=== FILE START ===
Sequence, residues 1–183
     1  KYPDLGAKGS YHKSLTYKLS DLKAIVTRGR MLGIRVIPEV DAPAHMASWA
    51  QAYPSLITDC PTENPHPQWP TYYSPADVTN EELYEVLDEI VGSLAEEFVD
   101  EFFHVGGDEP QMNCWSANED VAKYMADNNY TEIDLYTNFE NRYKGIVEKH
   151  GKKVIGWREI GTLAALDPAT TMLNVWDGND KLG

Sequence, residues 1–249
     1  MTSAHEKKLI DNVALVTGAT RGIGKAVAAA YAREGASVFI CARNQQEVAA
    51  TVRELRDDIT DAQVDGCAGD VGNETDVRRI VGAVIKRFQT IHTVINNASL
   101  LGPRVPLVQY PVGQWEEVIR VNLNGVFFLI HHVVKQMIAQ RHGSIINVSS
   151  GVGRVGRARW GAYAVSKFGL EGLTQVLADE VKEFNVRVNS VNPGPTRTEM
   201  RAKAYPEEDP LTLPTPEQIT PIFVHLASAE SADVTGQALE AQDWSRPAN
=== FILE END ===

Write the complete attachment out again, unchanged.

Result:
Sequence, residues 1–183
     1  KYPDLGAKGS YHKSLTYKLS DLKAIVTRGR MLGIRVIPEV DAPAHMASWA
    51  QAYPSLITDC PTENPHPQWP TYYSPADVTN EELYEVLDEI VGSLAEEFVD
   101  EFFHVGGDEP QMNCWSANED VAKYMADNNY TEIDLYTNFE NRYKGIVEKH
   151  GKKVIGWREI GTLAALDPAT TMLNVWDGND KLG

Sequence, residues 1–249
     1  MTSAHEKKLI DNVALVTGAT RGIGKAVAAA YAREGASVFI CARNQQEVAA
    51  TVRELRDDIT DAQVDGCAGD VGNETDVRRI VGAVIKRFQT IHTVINNASL
   101  LGPRVPLVQY PVGQWEEVIR VNLNGVFFLI HHVVKQMIAQ RHGSIINVSS
   151  GVGRVGRARW GAYAVSKFGL EGLTQVLADE VKEFNVRVNS VNPGPTRTEM
   201  RAKAYPEEDP LTLPTPEQIT PIFVHLASAE SADVTGQALE AQDWSRPAN